With regards to your first two questions, by all means mistrust the government to the highest level convenient. I can answer (mostly) your final question. As of right now, with our current level of genetic analysis technology, it is not possible to determine anything useful from the tests employed in these situations aside from the degree of likelihood that it matches another sample. This isn't a safeguard set in place against the fears you named; it's a coincidence coming from the tools we have with regards to cost, ease of use, and most importantly, speed. What these tests try to find is short, predictable lengths of DNA through a variety of different methods--it's by no means a full DNA sequence. Furthermore, the location of these lengths of DNA isn't determined, only their presence and how many of them are found in a single sample, so it would be impossible to determine if they were part of a known gene. That's as of now. Our ability to fully sequence DNA samples gets better yearly.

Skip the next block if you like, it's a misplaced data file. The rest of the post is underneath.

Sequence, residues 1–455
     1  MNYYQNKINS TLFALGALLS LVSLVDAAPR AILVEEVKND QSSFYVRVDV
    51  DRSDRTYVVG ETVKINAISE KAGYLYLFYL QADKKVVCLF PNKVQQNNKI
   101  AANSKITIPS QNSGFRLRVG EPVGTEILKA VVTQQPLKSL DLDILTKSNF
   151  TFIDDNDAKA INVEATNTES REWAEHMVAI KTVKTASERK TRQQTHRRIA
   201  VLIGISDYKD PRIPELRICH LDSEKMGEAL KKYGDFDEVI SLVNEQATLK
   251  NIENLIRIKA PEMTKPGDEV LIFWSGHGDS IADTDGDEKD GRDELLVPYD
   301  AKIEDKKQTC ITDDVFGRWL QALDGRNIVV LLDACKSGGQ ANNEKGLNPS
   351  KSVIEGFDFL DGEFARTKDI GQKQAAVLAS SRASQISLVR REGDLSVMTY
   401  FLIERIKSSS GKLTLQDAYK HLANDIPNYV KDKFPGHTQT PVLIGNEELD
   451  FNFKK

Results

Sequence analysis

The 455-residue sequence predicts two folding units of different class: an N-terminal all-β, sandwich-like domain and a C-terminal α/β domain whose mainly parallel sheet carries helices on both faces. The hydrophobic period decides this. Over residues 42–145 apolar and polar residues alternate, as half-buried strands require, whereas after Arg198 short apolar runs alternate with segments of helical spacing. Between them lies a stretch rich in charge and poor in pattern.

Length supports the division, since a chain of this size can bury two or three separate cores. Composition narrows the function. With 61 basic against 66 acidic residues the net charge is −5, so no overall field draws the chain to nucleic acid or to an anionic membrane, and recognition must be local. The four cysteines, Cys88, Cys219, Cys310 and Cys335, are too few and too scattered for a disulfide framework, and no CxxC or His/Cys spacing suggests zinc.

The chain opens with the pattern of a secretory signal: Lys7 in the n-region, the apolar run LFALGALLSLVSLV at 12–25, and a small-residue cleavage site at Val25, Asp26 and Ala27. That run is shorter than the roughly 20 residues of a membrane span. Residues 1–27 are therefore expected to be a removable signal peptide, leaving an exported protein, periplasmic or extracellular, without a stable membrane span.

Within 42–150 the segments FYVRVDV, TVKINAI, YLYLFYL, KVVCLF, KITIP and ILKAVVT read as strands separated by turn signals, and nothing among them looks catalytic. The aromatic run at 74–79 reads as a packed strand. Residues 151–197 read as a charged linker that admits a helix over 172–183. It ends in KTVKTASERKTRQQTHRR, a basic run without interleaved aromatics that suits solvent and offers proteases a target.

On top of that--and much more frightening--Marburg has a higher rate of successful transmission. Given a choice between the two, the individual would go for Marburg, but the epidemiologist would sure as hell go for Ebola. Furthermore, we don't know what Ebola would do if it got into an airline or a major city. Viruses have a nasty, nasty habit of changing their behavior if they change their setting. Influenza in a sparse population is an annoyance, but in a dense one, it can be a disaster. We just don't know what Ebola in a dense population is yet. Long story short--this is a very effective, poorly understood virus. Both news for nerds (science nerds, at least) and stuff that matters.
I'm envisioning two of these pointed at each other, one modified to have, say, a 1.9s delay. Then clap your hands between the two of them.
I'm in agreement with the accidental AC. Two layers of aluminum (US this time) foil worked fine for me to block a call, and my SMS wouldn't go through until I'd pulled back an opening of about 1" by